Building Self-Awareness and Deeper Connections with Life Maps
If you haven’t heard of a life map, that’s not surprising. You might have done something similar, or this might be completely new to you. I’ll explain more about what it is, but first I want to share why it is. A life map serves two functions. One, it’s an opportunity to genuinely reflect inward.
A life map is a powerful way to explore your journey through the world at a higher, more meaningful level. It’s an opportunity to reflect and build self-awareness, take a step back and take stock. Two, it’s an opportunity to vulnerably share outward. It can be an incredible tool for practicing openness and building deep connections with others, especially with your team.
It’s something I recommend trying at your next offsite or teambuilding event. And it’s something I recommend trying silently, gently on your own.
What a life map is
The concept is straightforward but instructions are deliberately ambiguous. Take a blank sheet of paper and map out your life journey up to this point. That’s it. It can be a picture or illustration, it can be a series of symbols or doodles. It can be a chart with your life events plotted against time, like mine was.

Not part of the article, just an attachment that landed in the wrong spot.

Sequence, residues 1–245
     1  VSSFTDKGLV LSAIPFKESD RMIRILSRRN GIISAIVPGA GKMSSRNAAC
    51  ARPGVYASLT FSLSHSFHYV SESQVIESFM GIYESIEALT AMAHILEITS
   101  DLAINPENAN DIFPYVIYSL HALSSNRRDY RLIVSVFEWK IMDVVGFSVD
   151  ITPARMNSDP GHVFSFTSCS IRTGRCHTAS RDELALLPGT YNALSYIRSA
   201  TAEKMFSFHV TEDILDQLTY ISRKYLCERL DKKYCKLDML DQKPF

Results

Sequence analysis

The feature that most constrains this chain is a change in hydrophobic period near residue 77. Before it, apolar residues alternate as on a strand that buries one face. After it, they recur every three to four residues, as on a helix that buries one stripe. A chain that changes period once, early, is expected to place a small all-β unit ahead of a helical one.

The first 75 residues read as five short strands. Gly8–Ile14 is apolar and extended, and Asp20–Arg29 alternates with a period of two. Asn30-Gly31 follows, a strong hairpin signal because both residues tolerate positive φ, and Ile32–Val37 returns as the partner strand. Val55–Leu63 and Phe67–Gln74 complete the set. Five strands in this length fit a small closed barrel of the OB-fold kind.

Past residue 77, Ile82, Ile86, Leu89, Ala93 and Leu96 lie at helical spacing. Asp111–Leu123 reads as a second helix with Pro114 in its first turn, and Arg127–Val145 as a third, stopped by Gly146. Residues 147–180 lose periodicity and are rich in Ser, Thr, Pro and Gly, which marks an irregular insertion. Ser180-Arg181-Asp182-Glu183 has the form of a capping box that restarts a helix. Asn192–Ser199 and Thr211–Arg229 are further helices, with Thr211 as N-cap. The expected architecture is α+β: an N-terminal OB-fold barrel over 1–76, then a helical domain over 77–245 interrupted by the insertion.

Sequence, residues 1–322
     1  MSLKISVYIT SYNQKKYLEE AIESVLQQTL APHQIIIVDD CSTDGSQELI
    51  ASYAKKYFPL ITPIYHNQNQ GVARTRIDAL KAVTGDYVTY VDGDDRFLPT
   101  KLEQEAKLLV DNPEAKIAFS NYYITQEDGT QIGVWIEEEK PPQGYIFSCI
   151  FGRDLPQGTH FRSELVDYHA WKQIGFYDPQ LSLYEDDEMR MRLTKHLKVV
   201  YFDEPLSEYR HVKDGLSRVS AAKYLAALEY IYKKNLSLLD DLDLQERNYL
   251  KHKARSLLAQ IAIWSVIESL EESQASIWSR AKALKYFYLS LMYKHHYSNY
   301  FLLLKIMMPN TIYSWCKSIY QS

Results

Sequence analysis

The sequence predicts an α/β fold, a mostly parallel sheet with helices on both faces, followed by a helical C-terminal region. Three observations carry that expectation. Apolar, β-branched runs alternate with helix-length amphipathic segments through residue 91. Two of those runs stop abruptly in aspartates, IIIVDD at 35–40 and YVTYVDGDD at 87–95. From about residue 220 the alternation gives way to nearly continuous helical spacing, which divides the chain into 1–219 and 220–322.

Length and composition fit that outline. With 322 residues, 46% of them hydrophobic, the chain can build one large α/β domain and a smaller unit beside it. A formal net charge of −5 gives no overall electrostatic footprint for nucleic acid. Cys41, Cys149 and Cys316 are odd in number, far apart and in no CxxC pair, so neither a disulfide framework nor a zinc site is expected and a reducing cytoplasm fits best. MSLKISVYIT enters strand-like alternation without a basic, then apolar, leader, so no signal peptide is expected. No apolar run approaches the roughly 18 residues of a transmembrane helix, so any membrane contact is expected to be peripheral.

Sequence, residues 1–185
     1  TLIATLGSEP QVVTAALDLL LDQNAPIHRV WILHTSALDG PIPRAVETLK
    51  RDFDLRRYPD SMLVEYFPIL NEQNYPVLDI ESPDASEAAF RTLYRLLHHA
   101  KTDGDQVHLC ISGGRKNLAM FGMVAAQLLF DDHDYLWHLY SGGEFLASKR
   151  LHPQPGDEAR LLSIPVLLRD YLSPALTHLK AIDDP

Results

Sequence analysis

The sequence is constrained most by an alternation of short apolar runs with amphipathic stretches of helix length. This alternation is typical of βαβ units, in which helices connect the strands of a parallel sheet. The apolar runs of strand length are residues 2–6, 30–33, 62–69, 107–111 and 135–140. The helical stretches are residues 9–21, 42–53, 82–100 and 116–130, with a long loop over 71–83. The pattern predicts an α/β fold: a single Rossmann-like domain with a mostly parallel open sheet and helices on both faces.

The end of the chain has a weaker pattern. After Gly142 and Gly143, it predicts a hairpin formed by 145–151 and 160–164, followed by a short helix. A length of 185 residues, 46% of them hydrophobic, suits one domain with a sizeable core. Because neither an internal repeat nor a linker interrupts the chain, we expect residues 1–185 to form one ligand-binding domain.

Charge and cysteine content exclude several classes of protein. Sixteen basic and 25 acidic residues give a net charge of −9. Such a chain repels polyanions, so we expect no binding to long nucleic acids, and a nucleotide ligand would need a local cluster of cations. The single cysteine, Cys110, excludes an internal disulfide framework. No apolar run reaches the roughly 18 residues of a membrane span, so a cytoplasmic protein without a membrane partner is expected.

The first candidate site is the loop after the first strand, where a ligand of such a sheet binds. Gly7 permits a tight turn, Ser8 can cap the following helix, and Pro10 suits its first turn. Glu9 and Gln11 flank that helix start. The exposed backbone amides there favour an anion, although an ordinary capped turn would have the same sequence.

I’d guide you to use visualizations and avoid too many words or bullet points here. Try activating a different part of your imagination, and stay with the journey to date. Don’t stray into goals or the future too much, this is meant to be a reflection.
If you’re doing this as part of a group, I’d recommend that each person take 10 minutes of quiet time to draw out their own life map and then take turns with others sharing their own story and why it’s meaningful to them. Dig deep on what made you who you are today and create some space to receive other people’s stories and journeys. You’ll need about 45 minutes in total for a group of 6. If doing it on your own, block out some time to do this well and sit with it. You might want to talk about the results with a friend or partner, or it might just be for you
“We are like islands in the sea, separate on the surface but connected in the deep.”